Hungarian is an agglutinative language which means it uses various affixes, mainly suffixes but also some prefixes, to change a word's meaning and its grammatical function.
Hungarian uses vowel harmony to attach suffixes to words. That means that most suffixes have two or three different forms, and the choice between them depends on the vowels of the root or the head word.
Nouns in Hungarian have 18 cases which are formed regularly with suffixes.
Possession is expressed by a possessive suffix on the possessed object, rather than the possessor as in English. For example:
Péter almája - Peter's apple (literally 'Peter apple-his')
Hungarian nouns are marked for number: singular or plural. However, Hungarian uses the plural form sparsely for nouns, only if quantity is not otherwise marked. Therefore, the plural is not used with numerals or quantity expressions.
két alma - two apples (literally ‘two apple’).
With a few important exceptions, Hungarian does not have grammatical gender or a grammatical distinction between animate and inanimate.
Hungarian has definite and indefinite articles. The definite article, a, changes to az before a vowel. The indefinite article is egy, an unstressed version of the word for the number "one".
Articles are invariable (i.e. not marked for number, case, etc.)
Adjectives precede nouns (a piros alma 'the red apple') and have three degrees: positive (piros 'red'), comparative (pirosabb 'redder') and superlative (a legpirosabb 'the reddest').
If the noun takes the plural or a case, an attributive adjective is invariable: a piros almák 'the red apples'. However, a predicative adjective agrees with the noun: az almák pirosak 'the apples are red'. Adjectives by themselves can behave as nouns (and so can take case suffixes):
Melyik almát kéred? – A pirosat. - Which apple would you like? – The red one.
Adverbs in Hungarian can be derived from adjectives as well as verbs.
The suffix -an/-en/-n is used to form adverbs of manner from adjectives. -l, -lag/-leg and -ul/-ül are also used to derive adverbs from some adjectives.
There is also a suffix, -va/-ve, which is used to derive adverbs from verbs. Its nearest English equivalent is the -ing form in a present participle (rather than a noun):
Úszva jött ide. - He came here swimming.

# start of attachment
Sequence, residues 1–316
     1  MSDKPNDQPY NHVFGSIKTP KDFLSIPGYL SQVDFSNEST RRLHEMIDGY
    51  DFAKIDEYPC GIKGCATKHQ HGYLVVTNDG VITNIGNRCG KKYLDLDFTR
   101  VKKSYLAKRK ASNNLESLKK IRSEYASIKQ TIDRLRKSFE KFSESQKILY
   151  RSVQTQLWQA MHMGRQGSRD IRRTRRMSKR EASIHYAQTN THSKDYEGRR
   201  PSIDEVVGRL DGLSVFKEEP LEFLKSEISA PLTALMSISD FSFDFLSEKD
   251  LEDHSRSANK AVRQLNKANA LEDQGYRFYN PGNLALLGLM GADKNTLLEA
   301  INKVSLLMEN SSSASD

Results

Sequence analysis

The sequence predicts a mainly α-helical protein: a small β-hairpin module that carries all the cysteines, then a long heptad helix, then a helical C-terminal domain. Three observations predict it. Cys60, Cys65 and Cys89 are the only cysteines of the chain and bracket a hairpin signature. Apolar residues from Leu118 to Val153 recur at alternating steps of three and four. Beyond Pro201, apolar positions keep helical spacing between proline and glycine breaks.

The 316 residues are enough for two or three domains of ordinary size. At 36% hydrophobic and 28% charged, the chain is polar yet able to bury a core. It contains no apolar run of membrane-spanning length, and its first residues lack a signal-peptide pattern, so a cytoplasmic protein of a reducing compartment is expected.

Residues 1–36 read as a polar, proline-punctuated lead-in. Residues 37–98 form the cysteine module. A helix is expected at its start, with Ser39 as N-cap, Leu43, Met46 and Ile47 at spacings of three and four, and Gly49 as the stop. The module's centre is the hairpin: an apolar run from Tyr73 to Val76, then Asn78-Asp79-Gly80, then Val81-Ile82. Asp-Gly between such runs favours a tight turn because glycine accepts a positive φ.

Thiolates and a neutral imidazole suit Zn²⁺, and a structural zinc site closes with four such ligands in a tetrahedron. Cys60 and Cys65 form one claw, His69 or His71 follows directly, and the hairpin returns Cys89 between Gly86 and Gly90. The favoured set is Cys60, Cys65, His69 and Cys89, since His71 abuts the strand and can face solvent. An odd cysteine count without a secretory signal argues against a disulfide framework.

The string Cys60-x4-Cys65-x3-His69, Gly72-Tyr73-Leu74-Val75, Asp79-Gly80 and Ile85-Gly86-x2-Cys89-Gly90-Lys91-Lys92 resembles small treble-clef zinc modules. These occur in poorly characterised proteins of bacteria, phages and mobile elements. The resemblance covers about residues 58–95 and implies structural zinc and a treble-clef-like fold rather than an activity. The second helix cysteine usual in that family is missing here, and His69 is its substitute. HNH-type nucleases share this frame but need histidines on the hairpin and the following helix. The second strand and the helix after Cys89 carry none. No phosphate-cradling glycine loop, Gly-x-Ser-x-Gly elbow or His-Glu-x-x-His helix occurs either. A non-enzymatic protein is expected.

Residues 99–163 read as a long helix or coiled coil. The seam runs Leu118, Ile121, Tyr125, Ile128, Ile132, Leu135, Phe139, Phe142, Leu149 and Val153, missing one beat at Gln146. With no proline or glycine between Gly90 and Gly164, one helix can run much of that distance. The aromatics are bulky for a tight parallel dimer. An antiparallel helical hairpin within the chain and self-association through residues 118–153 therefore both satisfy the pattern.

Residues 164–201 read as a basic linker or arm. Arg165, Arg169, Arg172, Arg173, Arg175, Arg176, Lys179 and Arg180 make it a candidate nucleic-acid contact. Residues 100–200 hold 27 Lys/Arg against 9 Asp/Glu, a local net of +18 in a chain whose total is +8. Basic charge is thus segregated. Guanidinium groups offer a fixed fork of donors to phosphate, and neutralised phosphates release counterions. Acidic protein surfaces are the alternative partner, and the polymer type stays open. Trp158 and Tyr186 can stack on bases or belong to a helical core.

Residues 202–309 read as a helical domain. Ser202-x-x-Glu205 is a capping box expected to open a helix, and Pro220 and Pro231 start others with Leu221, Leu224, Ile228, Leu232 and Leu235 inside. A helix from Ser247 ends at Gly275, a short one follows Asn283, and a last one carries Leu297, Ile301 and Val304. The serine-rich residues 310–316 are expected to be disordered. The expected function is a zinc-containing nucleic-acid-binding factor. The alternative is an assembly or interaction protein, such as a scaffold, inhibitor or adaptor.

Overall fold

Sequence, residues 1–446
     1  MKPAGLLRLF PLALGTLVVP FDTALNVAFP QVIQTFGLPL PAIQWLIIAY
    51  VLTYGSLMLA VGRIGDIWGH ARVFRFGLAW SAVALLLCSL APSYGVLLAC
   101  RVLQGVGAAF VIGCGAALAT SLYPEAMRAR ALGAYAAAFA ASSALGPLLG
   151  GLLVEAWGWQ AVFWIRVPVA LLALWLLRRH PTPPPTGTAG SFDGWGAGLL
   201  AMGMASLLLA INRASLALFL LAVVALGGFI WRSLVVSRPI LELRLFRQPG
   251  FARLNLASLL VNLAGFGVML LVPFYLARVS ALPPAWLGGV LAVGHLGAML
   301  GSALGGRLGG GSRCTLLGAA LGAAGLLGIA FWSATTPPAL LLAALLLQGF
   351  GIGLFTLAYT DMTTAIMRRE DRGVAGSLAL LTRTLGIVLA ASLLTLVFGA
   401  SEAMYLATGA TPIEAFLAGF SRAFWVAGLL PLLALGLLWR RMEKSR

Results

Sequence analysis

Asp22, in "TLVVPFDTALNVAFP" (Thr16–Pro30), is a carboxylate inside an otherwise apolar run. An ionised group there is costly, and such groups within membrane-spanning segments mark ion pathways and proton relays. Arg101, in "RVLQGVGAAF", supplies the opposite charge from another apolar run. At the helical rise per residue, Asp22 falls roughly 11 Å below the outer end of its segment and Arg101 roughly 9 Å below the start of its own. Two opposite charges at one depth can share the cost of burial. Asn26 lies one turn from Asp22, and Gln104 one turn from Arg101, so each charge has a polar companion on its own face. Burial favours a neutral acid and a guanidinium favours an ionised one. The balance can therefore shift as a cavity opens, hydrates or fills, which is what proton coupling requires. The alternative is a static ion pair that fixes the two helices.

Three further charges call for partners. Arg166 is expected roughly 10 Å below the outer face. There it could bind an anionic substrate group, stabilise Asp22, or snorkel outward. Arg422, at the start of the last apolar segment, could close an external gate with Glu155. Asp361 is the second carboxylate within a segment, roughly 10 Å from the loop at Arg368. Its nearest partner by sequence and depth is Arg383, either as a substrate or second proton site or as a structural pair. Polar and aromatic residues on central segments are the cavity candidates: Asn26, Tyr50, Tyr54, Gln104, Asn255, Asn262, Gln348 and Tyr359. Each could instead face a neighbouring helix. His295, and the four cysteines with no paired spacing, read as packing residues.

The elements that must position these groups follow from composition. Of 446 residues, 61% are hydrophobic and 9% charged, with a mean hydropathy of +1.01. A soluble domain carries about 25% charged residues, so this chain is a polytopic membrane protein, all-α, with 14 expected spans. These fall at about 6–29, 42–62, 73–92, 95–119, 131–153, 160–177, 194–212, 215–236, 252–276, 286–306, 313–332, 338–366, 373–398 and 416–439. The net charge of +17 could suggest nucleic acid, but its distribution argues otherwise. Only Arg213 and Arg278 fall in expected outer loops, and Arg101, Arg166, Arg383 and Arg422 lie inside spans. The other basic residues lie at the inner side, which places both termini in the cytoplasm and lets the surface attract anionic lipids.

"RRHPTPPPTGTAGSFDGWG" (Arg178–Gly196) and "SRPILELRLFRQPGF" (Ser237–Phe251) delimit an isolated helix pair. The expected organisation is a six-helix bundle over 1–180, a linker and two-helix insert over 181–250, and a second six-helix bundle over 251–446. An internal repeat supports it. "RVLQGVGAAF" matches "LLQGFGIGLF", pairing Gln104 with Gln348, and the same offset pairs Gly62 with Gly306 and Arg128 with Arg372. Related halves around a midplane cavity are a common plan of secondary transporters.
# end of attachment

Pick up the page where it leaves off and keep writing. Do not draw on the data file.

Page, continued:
Hungarian has a complex system of pronouns that are, as nouns, highly inflected. There are personal pronouns (én, te), possessive (enyém, tied), reflexive (magam, magad), reciprocal (egymás), and demonstrative pronouns (ez, ily).
Personal pronouns in Hungarian also have 18 cases (like the nouns), although not all of the forms are used nowadays.
Verbs in Hungarian are conjugated according to two tenses (past and present), three moods (indicative, conditional and imperative subjunctive), two numbers (singular or plural), three persons (first, second and third) and definiteness.
The present tense is unmarked, and the past is formed by using the suffix –t or –tt. Future may be expressed with the present tense (usually with a word defining the time of the event: holnap 'tomorrow') or by using the auxiliary verb fog (similar to the English 'will'), followed by the infinitive.
The indicative mood and the conditional mood are used both in the present and the past tenses. The imperative mood is used only in the present tense.
Verbs have verbal prefixes, which are also known as coverbs. Most of them define the direction of movement: lemegy "goes down", felmegy "goes up". Some verbal prefixes give an aspect to the verb, such as the prefix meg-, which generally marks telicity.
Vowel harmony also plays a major role in verb conjugations. All Hungarian verb conjugations (as well as postpositions and possessive suffixes, for that matter) can be thought of as 'templates' into which vowels are inserted.
Based on the nature of a verb's infinitive, which always ends in '-ni', one can create a generic 'template', which has mostly consonants. The vowels are then inserted into the 'template' according to the rules of vowel harmony, based on the categorization of the vowel in the verb root (front, back, rounded, unrounded).
Neutral Hungarian sentences have a subject–verb–object word order, like English. Hungarian is a null-subject language and so the subject does not have to be explicitly stated. Word order is determined not by syntactic roles but rather by pragmatic factors. Emphasis is placed on the word or phrase immediately before the finite verb.
In Hungarian, postpositions are used instead of prepositions. They perform roughly the same role, but they are placed after the word they modify. For example:
Az auto a ház előtt van - The car is in front of the house.
Some of the common Hungarian postpositions are: alatt, fölött, között, felé, kívül, helyett, nélkül, után.
This is a very brief overview of Hungarian grammar. To truly master it, you will need to study each of the parts of speech in much more detail. However, this overview will hopefully give you a general idea of the Hungarian grammatical system and the main points you should consider when learning.